Do you ever find that your foundation balls up on your skin after you apply your favorite sunscreen or face cream? Similar to when your knitwear has seen better days and small balls of fabric sit on the material, this is called pilling — and it’s the fastest way to ruin your skin-care and makeup in one fell swoop.
Pilling is one of the most frustrating things that can happen when applying your skincare and makeup, due to the fact it takes extra time to blend, correct, and can waste more of your expensive beauty products.
Makeup pilling is no fun, especially after you just applied a full face of makeup and your foundation starts sliding off in tiny pieces. Pilling occurs when two makeup or skin-care ingredients don’t mesh well together on your skin, and although there are ways to avoid this (more on that below), we wanted to know if there’s any way to salvage your full beat in this scenario. Ahead, we spoke with NYC-based makeup artist Mary Irwin to find out how.
What Causes Pilling
When your skincare or makeup pills, it looks like flakes or globs of product on your skin.
Pilling happens when products haven’t absorbed into the skin, whether due to:
🤍 the type of ingredient
🤍 the amount applied
🤍 the other products you’re using
🤍 the condition of your skin
🤍 The tools you are using to apply your skincare and makeup
With so many of us experimenting with multi-step skincare routines, the pilling struggle is all too real!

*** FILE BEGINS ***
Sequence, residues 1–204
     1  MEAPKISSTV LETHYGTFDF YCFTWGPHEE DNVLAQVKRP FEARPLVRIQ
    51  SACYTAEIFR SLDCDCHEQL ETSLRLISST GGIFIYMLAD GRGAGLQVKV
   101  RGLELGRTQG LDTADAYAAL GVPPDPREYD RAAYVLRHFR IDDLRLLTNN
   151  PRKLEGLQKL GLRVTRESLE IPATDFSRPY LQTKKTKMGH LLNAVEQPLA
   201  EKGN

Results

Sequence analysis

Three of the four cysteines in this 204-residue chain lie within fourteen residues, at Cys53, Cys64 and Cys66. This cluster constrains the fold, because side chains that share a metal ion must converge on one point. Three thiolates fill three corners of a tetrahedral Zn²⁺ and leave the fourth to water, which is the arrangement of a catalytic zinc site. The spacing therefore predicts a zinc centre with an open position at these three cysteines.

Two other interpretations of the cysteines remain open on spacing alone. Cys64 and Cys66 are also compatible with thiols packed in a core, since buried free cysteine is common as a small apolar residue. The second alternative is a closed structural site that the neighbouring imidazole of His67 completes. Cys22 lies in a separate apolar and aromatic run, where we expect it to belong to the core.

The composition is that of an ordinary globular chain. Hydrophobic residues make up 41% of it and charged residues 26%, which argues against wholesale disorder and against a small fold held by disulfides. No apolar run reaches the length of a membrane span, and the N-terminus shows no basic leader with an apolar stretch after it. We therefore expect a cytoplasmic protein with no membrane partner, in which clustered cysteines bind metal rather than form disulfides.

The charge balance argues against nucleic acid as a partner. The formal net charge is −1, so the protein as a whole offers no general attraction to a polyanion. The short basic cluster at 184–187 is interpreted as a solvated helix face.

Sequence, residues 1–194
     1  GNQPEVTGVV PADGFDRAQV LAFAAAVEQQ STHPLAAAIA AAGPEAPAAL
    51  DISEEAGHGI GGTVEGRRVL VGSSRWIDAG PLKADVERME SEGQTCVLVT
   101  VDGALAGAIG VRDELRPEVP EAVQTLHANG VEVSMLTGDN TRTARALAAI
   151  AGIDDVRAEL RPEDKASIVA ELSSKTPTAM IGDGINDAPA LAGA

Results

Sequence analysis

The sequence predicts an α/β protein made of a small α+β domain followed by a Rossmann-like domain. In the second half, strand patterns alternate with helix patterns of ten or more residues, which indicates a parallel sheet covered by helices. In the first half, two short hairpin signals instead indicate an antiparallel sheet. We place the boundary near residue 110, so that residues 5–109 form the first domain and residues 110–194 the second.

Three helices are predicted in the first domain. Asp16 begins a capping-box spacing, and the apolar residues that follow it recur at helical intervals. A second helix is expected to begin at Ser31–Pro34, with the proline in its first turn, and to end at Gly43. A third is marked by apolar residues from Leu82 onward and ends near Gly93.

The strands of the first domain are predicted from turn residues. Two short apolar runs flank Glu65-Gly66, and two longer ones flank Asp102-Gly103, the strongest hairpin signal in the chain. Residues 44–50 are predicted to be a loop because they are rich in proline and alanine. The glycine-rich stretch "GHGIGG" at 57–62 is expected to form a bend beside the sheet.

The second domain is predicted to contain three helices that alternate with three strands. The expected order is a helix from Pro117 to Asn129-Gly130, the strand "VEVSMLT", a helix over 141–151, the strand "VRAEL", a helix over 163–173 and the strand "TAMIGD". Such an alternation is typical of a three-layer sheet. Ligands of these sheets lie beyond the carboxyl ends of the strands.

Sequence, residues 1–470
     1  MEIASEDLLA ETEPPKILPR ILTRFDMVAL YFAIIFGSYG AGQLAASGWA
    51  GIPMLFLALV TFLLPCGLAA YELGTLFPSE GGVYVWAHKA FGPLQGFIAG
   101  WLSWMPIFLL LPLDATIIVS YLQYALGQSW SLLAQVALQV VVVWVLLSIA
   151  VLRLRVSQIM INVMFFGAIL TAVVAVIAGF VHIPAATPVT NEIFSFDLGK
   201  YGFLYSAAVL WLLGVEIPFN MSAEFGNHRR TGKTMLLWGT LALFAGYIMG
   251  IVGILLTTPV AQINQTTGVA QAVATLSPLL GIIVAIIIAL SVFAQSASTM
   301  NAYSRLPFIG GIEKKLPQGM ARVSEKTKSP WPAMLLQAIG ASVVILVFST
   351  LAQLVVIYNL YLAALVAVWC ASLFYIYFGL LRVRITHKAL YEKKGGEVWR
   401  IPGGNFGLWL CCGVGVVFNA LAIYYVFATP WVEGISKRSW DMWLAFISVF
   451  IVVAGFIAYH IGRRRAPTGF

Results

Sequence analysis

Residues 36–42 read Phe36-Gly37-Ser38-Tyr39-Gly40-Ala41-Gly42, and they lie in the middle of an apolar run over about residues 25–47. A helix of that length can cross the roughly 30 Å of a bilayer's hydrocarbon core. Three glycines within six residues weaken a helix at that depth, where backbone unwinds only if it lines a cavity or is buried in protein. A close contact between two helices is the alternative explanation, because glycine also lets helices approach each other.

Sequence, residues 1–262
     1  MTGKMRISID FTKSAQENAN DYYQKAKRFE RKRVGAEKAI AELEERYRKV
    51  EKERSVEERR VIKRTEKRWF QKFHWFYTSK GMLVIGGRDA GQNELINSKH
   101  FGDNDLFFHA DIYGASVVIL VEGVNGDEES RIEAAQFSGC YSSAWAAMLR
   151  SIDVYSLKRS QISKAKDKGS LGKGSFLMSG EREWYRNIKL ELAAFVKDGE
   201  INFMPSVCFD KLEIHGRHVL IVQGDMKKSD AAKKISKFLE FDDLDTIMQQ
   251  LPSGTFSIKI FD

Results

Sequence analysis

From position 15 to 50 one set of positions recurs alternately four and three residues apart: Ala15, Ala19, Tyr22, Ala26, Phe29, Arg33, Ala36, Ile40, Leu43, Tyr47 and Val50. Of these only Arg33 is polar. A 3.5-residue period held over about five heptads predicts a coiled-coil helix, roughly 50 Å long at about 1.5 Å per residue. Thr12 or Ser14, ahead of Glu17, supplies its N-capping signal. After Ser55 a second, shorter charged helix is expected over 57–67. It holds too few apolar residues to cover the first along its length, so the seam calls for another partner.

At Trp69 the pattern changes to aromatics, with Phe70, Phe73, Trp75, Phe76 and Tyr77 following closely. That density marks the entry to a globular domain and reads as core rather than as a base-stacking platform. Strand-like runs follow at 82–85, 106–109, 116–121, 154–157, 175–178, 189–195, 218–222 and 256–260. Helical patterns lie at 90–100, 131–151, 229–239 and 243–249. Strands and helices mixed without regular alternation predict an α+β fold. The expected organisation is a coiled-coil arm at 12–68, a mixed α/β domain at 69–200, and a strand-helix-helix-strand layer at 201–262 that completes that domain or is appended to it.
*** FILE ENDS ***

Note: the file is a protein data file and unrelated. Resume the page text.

Here are some best tips if you’re dealing with this issue.
Can You Fix Makeup Pilling?
Irwin gets straight to the point: “Unfortunately, aside from taking a damp makeup sponge and trying to blend it in, there’s not much you can do besides take it off.” If your foundation begins to pill, wet a sponge (the L’Oréal Paris Infallible Blend Artist Foundation Blender is our fave) and tap it over the areas where it pilled off. Once you’ve blended it out, set it with a loose powder like the Maybelline New York Lasting Fix Banana Setting Powder and don’t touch it. “Don’t add anything cream or liquid over it after the fact.”
WE know and understand that you don’t want to remove the makeup that you spent hours perfecting so for that to not happen, the first thing you want to make sure you’re doing is exfoliate on a regular basis.
To be clear, the little balls that form are composed of product, not dead skin. But it’s still important to maintain a good exfoliation routine, because it will help your products to absorb more effectively, rather than remaining on top of a surface layer of dead skin.
How to Avoid Pilling
Irwin recommends paying attention to the ingredients you’re placing on your skin to avoid pilling all together. “Use products that have a similar formula — silicone with silicone, water with water, etc.” When applying cream makeup products (which have the most tendency to pill), she recommends starting with thin layers and building them up slowly. “Also avoid layering cream over powder, because this can result in pilling too.”
The more you touch your skin, the more you disturb the products and encourage them to pill. It goes without saying that rubbing your face is a a big no-no, as this will only cause surface residue to bunch and roll up. Use light, patting motions to apply your products, and resist the urge to touch your face any more than absolutely necessary.
Just give yourself plenty of time in between layers and after the final layer. That will ensure you’ve absorbed most of the beneficial ingredients.
Here are 3 more videos that can be helpful when it comes to pilling:
Have you experienced product pilling?
What has helped you to prevent it?